We found that those young women who reported rape/attempted rape were significantly more likely to report a history of using hard liquor (71%), marijuana (45%), and other illicit drugs (9%) when compared with those who did not report an unwanted sexual experience (58%, 34%, and 4%, respectively; P<.02). Similar findings were detected for those who reported verbal sexual coercion (72%, 56%, and 9%, respectively; P<.02). No difference in alcohol use by the victim during the date was found (18% vs 23% of rape/attempted rape victims). Interestingly, those who reported verbal sexual coercion were significantly less likely to drink during this date (6%, P<.01). Young women who experienced rape/attempted rape were significantly more likely to report pressure by the date to use either alcohol or marijuana (31% and 18%, respectively) compared with those not victimized (4% and 4%, respectively; P>.001). Those who reported verbal sexual coercion were also more likely to report experiencing pressure to use alcohol (12%, P<.01).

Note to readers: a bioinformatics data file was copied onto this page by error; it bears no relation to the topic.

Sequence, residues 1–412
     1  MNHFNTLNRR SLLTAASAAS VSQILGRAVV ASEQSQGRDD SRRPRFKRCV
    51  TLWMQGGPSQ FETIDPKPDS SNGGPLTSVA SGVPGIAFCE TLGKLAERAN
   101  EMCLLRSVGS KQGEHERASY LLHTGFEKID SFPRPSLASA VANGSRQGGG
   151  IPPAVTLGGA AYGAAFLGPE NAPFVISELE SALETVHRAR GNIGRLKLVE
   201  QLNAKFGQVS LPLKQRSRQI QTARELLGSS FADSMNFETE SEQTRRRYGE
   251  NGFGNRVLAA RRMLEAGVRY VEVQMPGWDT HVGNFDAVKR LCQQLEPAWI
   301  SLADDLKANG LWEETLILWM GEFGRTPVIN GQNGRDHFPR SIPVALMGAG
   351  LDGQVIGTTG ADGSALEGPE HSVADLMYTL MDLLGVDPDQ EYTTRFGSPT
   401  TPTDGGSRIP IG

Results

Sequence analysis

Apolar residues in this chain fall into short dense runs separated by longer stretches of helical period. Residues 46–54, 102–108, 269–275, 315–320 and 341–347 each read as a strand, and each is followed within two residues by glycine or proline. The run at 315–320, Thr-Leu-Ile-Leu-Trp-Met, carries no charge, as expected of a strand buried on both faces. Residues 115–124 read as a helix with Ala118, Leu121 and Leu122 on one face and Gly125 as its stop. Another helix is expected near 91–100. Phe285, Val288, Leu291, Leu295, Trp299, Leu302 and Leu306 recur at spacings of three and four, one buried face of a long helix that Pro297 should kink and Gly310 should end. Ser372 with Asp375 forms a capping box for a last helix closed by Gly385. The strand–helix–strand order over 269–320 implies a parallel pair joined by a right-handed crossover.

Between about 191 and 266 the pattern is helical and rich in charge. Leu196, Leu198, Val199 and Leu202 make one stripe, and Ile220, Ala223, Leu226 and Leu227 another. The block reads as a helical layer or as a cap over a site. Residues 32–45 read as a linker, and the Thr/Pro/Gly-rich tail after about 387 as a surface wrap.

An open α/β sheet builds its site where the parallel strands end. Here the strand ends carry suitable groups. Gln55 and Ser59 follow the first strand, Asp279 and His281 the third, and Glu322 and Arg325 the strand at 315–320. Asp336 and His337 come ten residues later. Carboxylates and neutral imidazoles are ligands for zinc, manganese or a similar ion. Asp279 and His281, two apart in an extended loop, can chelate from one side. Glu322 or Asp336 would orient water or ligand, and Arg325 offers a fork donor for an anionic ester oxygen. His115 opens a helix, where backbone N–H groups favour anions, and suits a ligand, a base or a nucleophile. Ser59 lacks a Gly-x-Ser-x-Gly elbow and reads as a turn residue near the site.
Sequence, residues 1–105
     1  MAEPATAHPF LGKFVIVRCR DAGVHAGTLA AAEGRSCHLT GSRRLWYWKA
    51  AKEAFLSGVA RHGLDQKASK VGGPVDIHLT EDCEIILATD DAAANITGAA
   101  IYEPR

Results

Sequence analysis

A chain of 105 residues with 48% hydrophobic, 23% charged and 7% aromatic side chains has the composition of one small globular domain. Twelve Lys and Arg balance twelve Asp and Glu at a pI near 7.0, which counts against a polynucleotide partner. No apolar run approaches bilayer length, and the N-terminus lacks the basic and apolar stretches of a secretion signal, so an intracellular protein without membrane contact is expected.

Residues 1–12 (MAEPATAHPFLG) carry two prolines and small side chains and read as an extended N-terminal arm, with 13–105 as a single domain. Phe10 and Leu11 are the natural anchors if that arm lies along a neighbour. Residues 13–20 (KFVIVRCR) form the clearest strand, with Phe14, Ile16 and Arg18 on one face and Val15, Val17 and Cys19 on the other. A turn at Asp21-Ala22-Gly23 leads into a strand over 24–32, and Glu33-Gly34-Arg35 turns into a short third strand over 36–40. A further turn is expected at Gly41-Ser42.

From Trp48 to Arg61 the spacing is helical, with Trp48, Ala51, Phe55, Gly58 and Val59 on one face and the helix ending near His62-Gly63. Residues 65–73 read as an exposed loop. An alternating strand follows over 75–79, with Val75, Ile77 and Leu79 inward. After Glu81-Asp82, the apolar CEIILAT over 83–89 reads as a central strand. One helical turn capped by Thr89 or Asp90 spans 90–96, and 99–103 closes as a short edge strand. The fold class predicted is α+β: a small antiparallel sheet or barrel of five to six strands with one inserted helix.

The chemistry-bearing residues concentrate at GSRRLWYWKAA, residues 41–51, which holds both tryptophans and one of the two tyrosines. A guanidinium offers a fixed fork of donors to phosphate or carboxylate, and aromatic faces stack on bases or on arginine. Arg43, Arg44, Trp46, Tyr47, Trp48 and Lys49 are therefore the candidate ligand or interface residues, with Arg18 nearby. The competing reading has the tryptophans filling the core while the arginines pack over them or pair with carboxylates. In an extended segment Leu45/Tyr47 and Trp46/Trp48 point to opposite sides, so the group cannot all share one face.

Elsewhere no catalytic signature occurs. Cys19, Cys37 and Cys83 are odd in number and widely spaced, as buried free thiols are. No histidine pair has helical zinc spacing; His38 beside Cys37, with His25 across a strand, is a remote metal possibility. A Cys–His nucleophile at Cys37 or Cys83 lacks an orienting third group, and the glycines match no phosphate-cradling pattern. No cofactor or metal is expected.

Perpetrator use of alcohol or marijuana was significantly associated with rape/attempted rape. Young women who reported that their date drank 1 or more drinks (40%) or used marijuana (25%) were significantly more likely to report rape/attempted rape than those who did not report any victimization (20% and 14%, respectively;P<.01). Of interest, only perpetrator use of marijuana was associated with verbal sexual coercion (24%, P<.03). Too few subjects (<1%) reported the use of illicit drugs such as ecstasy during the date to perform these analyses.
Distinct profiles of risk emerged for each type of sexual victimization when compared with no victimization in the past year (Table 4). As expected, prior sexual victimization as an adolescent, either verbal or physical victimization by the dating partner, and going to the date’s house or apartment to be alone were associated with sexual assault. Although the length of the relationship was not significantly related to sexual victimization, a lowered level of romantic involvement increased the likelihood of reporting rape/attempted rape and verbal sexual coercion. Contrary to expectations, the use of alcohol by the victim or dating partner was not significantly associated with either type of sexual assault.
Factors Associated With Rape/Attempted Rape and Verbal Sexual Coercion*